When you type "depression stock photos" into Google image search, the results are less than encouraging. It's a 50/50 split of mostly white, mostly male models with their head in their hands or a gun to their head. When you're among the one in four suffering with a mental health problem, an article illustrated by a photo like this is demoralising.
While it's brilliant that the conversation around mental health has really opened up over the last few years, it's disappointing to still see such limited imagery out there on major platforms; imagery that makes depression look like a headache.
The design and photo team at Refinery29 are well versed in the limitations of existing stock photography and, in response, we've been producing our own stock photography with the aim of representing real women's experiences for over five years. It is vitally important to us that the women you see on the R29 website are representative and relatable. But when it came to mental health, it wasn't just the people in the photographs who needed to be representative – we wanted to creatively reflect depression, anxiety, mood disorders and more as you feel them, instead of a 'one size fits all' image that doesn't really speak to anyone.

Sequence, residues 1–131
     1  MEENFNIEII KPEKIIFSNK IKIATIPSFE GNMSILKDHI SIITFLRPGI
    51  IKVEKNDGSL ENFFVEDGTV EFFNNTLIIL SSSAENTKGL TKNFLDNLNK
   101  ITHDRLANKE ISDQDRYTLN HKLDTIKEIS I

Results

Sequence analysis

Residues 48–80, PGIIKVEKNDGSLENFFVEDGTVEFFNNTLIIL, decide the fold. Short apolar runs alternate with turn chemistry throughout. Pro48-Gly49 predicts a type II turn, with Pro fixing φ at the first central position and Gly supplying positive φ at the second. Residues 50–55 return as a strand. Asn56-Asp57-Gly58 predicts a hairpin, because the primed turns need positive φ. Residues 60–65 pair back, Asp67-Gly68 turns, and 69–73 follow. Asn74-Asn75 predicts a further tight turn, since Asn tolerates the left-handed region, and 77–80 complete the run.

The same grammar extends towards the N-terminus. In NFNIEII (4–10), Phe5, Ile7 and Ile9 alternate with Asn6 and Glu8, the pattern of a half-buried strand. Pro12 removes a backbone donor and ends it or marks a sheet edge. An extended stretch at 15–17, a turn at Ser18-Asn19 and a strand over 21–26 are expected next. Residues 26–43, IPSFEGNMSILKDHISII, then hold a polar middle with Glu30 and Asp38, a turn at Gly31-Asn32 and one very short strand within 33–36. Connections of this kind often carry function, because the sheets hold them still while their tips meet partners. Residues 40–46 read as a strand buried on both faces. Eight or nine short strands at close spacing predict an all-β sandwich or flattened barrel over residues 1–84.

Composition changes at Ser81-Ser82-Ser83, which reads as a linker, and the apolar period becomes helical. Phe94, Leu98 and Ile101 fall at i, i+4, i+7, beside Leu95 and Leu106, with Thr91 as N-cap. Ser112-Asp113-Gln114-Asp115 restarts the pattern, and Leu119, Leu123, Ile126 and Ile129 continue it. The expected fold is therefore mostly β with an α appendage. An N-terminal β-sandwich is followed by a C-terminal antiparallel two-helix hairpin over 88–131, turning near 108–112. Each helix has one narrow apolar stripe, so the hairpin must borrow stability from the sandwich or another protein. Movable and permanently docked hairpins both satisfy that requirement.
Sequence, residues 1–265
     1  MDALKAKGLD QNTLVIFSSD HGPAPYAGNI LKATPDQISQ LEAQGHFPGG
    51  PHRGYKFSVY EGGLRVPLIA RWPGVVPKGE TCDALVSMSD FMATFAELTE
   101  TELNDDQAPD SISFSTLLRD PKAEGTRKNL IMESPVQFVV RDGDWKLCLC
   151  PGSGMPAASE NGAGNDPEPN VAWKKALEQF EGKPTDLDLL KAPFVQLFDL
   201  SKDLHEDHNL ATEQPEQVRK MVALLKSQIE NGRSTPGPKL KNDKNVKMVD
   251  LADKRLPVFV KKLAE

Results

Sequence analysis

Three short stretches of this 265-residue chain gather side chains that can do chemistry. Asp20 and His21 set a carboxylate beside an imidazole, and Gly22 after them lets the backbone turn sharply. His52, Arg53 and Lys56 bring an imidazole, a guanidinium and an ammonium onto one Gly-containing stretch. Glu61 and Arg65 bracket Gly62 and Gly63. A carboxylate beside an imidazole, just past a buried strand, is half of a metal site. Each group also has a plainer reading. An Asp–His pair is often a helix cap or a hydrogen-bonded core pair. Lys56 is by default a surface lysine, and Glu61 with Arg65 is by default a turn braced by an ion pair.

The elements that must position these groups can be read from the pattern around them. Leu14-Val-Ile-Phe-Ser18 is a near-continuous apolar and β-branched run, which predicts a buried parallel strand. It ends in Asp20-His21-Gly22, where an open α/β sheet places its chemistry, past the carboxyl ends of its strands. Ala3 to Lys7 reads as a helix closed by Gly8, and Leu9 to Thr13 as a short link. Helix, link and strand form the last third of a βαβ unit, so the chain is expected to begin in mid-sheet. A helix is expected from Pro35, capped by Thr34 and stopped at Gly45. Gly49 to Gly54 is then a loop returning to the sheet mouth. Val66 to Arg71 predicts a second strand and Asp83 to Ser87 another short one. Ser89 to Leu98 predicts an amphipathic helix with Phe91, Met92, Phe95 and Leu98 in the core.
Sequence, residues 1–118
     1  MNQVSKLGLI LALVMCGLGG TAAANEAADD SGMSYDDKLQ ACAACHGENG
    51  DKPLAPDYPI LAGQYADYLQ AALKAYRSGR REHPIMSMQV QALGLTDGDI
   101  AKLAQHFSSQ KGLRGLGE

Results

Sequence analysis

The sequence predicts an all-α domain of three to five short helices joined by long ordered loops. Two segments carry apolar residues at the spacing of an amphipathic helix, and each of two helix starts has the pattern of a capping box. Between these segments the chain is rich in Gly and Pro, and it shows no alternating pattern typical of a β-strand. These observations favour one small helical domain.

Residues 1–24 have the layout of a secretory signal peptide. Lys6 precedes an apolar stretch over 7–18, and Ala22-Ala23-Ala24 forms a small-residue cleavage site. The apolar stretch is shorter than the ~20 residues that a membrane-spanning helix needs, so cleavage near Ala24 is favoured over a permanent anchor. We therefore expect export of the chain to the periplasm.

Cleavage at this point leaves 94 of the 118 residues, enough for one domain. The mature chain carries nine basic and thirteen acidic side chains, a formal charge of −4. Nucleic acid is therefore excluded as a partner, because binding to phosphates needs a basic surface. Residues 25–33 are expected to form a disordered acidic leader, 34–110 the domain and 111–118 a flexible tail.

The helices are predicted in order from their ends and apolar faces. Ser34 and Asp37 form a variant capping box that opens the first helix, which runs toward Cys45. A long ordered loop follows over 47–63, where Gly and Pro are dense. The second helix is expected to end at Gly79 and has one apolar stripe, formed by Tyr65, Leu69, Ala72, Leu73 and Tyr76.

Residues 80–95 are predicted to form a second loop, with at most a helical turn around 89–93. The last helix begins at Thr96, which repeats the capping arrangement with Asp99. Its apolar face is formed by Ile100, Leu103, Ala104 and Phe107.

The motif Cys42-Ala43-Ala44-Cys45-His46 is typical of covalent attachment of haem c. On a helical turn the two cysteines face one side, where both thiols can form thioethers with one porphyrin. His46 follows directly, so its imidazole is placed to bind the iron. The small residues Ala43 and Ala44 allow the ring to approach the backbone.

Earlier this year, we set up an anonymous survey with the aim of getting to the root of how mental health disorders actually feel. We asked sufferers in our audience to respond with words and phrases that summed up their experiences so we could work these into a visual representation. The results from the survey were shocking.
"[Depression] feels like I can barely keep my head above water", read one. "[OCD is] like there's someone in your head just feeding you lies", said another. "[Depression is] foggy, like you're behind a thick pane of glass watching everyone else live life", yet another stated, and "[Stress] feels like loads of brightly coloured squiggles intersecting with each other, too much going on."
Working alongside photographer Flora Maclean, who shares our passion for representing mental health disorders visually with sensitivity and respect, we translated these words and phrases into visual concepts. The resulting series of images make some of the more complex feelings of the mind tangible. They exist to give sufferers clarity of experience and remind them that they aren't alone on their journey. They exist to encourage empathy and understanding.